This Just In: Eating Meat Made Us Smarter

We now have evolutionary proof that meat made us smarter -- literally made our brains bigger.
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Ever since I started writing about food, indeed even before that, there has been a certain segment of the population who believes that I and others like me are evil (literally) because we eat meat.

I've come to refer to these people as carnivorous vegans. To be clear, I am not talking about all - or even most - vegetarian/vegans. Most are perfectly nice people and as the saying goes some of my best friends are vegetarians. But there is a select group of folks who patrol food blogging sites and other locales where people discuss their passions for food and scream that meat is murder and I and other carnivores are serial killers (as opposed to cereal killers I guess). You know who you are. Of course everyone is welcome to his or her opinions, and in fact I too find many people's eating habits disturbing, but I don't think a guy is Satan-spawn just because he went to McDonald's.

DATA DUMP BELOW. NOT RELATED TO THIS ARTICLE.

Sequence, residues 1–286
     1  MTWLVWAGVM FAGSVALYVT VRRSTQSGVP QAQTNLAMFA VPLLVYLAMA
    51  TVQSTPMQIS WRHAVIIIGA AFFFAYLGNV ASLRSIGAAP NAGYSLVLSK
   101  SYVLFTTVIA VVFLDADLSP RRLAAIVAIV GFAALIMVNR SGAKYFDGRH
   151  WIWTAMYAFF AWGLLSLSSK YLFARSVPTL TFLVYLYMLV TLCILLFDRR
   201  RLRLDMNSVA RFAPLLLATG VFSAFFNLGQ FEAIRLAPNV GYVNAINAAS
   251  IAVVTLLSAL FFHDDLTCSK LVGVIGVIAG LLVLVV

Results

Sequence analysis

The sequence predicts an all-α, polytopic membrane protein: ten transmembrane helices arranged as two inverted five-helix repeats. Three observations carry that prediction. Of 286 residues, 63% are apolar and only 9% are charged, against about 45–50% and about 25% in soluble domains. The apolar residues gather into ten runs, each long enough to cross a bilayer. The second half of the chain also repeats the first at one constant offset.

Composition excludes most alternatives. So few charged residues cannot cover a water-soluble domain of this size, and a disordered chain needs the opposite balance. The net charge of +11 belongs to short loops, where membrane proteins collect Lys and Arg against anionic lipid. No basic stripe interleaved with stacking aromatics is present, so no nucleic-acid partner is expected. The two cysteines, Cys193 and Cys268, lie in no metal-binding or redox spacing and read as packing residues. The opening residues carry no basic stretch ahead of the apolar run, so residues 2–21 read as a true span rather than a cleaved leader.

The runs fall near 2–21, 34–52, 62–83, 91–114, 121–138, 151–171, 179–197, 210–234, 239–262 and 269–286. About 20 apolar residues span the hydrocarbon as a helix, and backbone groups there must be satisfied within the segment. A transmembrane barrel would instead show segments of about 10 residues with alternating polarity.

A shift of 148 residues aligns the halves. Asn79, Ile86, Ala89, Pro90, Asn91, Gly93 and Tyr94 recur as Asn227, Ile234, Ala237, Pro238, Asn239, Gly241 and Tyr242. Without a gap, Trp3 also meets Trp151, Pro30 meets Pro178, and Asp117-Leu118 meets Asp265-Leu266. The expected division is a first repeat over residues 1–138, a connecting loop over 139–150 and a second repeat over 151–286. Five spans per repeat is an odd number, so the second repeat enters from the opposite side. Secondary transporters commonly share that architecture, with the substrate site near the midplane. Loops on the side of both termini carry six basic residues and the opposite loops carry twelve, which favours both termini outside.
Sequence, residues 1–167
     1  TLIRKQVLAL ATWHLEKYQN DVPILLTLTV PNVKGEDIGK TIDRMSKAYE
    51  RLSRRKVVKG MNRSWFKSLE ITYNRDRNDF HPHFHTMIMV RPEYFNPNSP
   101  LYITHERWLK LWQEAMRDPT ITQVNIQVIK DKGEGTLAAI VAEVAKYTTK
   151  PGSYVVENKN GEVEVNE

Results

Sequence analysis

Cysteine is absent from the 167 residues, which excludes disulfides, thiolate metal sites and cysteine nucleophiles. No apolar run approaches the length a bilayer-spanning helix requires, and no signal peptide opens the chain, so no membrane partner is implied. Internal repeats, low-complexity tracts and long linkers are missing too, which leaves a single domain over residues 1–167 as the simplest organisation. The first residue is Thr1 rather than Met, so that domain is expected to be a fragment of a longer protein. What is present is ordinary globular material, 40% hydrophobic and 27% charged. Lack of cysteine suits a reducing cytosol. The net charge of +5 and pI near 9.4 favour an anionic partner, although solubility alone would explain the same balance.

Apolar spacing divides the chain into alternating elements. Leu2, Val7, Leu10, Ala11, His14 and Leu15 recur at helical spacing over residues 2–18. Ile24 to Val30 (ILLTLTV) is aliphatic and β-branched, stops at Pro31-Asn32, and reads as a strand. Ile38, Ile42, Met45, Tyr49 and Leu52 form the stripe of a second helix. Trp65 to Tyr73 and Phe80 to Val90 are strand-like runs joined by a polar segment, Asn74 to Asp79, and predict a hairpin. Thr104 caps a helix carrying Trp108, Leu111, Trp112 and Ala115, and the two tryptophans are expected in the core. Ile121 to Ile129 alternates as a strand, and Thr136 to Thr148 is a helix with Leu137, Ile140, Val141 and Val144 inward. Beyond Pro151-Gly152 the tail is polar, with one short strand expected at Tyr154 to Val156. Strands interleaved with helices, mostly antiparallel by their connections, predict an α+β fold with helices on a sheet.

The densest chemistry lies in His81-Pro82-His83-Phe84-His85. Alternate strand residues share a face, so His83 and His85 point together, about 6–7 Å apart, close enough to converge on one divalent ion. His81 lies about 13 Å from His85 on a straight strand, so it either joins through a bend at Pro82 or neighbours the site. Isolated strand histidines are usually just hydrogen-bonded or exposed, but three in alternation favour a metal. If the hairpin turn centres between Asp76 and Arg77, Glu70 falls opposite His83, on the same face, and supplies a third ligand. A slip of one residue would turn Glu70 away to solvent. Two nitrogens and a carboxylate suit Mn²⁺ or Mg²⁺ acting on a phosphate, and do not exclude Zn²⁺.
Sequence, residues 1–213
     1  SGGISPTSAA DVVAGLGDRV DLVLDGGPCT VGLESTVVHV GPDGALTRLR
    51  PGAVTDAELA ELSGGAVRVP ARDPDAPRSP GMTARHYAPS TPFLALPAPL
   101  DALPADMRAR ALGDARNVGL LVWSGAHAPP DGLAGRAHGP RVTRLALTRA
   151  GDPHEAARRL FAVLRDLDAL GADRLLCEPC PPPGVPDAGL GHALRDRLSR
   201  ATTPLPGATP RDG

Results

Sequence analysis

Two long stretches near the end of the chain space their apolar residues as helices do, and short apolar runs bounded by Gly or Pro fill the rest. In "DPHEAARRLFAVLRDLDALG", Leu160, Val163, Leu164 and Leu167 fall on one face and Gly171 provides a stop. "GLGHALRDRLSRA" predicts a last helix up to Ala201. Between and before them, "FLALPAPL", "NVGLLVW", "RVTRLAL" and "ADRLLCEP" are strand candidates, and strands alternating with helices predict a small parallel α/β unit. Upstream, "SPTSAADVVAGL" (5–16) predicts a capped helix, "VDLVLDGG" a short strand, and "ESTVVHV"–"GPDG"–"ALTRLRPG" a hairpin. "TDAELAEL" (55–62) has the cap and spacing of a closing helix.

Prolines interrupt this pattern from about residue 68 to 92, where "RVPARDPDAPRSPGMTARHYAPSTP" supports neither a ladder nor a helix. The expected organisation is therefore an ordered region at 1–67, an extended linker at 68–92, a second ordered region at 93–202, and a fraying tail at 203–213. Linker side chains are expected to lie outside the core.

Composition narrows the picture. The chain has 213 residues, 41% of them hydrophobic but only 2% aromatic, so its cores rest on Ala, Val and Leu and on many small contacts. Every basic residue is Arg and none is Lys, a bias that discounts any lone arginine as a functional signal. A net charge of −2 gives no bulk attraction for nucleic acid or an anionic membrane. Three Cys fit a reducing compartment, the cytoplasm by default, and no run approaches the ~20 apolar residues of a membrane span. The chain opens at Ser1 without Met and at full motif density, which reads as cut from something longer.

My arguments, as if I really needed to have any, for why I consume meat are manifold, and chief among them is that if it is raised with care, prepared with passion and served with love, then it's darn tasty. But another point I've always made is that humans are designed to be omnivores: we have eyes in the front of our heads (not the sides), large teeth, keen eyes and a digestive system that can handle it. We are predators, not prey. After all, when mankind crossed the Bering Straits we were not chasing the mushroom, we were chasing the mastodon.

This morning NPR ran a story that adds a little ammunition to this contention, evolutionary proof that meat made us smarter -- literally made our brains bigger. The additional protein in meat made it so our bodies could spend less energy on digestion, and more on creating gray matter. Not only that, but cooking the food -- actually applying heat to both the meat and the veggies -- is enormously beneficial as well. Not just nutritionally, but in terms of civilization:

It encourages people to share labor; it brings families and communities together at the end of the day and encourages conversation and story-telling -- all very human activities.

So we cooks are handy to have around.

All this is to say I am not a bad person. Or at least if I am it is not because I eat meat. But as my daughter once said, I could be a vegetarian if bacon grew on trees.

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